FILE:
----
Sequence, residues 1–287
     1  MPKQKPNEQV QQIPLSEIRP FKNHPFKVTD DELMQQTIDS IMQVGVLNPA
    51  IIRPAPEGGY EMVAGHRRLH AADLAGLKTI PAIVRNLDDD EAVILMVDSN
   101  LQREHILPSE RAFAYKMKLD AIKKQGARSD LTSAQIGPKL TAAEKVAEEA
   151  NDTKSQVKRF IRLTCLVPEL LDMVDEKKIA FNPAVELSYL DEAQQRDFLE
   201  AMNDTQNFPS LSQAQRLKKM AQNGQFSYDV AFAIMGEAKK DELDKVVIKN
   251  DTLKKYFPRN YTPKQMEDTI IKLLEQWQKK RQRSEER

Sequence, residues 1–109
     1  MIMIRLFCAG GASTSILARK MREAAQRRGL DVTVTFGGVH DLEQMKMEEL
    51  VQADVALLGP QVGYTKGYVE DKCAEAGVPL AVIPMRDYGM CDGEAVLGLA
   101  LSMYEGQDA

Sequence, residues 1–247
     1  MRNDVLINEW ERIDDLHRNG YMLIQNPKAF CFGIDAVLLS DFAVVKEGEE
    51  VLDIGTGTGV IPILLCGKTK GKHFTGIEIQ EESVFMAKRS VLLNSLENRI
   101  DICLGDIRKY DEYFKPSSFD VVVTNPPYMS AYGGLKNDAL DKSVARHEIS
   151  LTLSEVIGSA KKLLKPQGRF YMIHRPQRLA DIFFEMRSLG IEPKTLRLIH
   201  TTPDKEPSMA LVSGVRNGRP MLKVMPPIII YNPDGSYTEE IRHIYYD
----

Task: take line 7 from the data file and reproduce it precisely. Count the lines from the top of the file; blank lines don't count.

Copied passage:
   251  DTLKKYFPRN YTPKQMEDTI IKLLEQWQKK RQRSEER